Between 2004 and 2016, Maksymilian Kapelański composed more than 200 sets of funk-disco loops on a Korg Triton workstation. Loops from each set may be combined in real-time into a practically infinite number of musical pieces, each with a different succession of sections, instrumentation, length and formal development. In addition to newly building the pieces' shape in real time, Kapelański improvises melodies and other musical parts over the evolving patterns. In his work, he explores combinations of funk-disco with club, jazz, electronica, chill-out, and non-Western music. Humour is no stranger to his music, with titles such as "My Baby Sitar", "Road-Runner Disco", and others. He gave two performances of his music in Montreal and one full-length solo concert titled Funky Pierogis.
Maksymilian Kapelański performed his untitled improvisational noise work at a concert by various artists in Montreal's La Sala Rossa in 2003. His music featured jazz organ sonorities played on a synthesizer, with minimalistically transforming harmonic drones and acoustic wave beatings set at a high volume.
In 2002, Kapelański performed the first keyboard part in a musical adaptation of The Who's Tommy, staged by the McGill University Opera in Montreal. The Who's Tommy is a rock musical (premiered in 1992) by Pete Townshend and Des McAnuff based on The Who's 1969 double-album rock opera Tommy.
The early 2000s were a brief intensive period of collective activities by Kapelański. At a Sound Night curated by him in The New Clark Gallery Box, he performed The Heisenberg Transfiguration (2001). The work and its shocked reception is described in his Short Texts.
Maksymilian Kapelański and Agnieszka Brańska gave a performance of Steve Reich’s Clapping Music (1972) at a concert held in the Frederick Chopin School of Music Concert Hall in Warsaw (1996). Kapelański performed the phasal clapping part from sheet music, while Brańska performed the steady clapping part from memory. When the two parts came back into sync, the audience gasped aloud!
In the early 90s, Kapelański played the harpsichord in the Royal Conservatory of Music Baroque Ensemble. Among its performances, it added splendour to a celebration of Toronto's Cabbagetown Festival in a participating restaurant's summer garden. It was a perfect time to enjoy ginger lemonade, summer salad and birdsong, along with Tafelmusik on this colourful occasion. Afterwards, the musicians and ensemble leader Scott Patterson were invited into Cabbagetown townhouses for wine & cheese tasting to classical music from audiophile hi-fi.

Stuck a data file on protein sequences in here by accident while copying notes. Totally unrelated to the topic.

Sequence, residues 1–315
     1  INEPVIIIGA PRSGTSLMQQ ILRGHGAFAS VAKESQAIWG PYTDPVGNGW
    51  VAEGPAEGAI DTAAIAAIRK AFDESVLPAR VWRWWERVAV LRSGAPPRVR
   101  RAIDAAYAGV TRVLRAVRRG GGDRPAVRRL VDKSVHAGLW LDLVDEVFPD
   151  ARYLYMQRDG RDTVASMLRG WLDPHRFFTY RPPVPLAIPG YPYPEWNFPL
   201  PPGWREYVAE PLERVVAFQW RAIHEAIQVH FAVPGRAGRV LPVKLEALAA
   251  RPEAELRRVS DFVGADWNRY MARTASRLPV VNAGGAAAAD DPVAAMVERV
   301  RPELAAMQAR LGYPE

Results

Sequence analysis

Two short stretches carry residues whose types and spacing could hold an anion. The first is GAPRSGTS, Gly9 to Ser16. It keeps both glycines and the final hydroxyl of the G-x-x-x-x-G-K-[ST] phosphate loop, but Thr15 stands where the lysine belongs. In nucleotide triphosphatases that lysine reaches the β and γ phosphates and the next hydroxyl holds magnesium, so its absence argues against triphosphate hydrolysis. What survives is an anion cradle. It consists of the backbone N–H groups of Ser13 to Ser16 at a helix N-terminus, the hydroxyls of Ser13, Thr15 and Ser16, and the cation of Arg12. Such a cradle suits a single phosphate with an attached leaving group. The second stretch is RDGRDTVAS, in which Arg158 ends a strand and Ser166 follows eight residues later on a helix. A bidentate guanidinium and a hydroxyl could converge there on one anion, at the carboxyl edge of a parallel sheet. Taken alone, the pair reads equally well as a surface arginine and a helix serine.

Maksymilian Kapelański practiced as a church and religious service musician in 1992-1993, 2002 and 2012-2013. He worked in Toronto and Montreal on a professional basis for the United Church, Roman Catholic Church, and Anglican Church, providing his services as permanent, substitute, and on-call musician. His instruments were the pipe and electric organ, piano, keyboard and synthesizer, played solo and as accompaniment. In addition to standard repertoire and the classics, he was called on to perform his three electronic miniatures (including “Nuclear Church”) at St. Patrick's Basilica in Montreal.
1991-1992 was a time of three recording sessions by Kapelański at the Royal Conservatory of Music in Toronto. The piano repertoire consisted of works by Bach, Mozart, Chopin, Debussy, Bartók, Pépin, and others. The recording took place in the newly built Remenyi Room and the venerable Concert Hall, using Digital Audio Tapes (DAT) later transferred to SONY UX-Pro cassettes.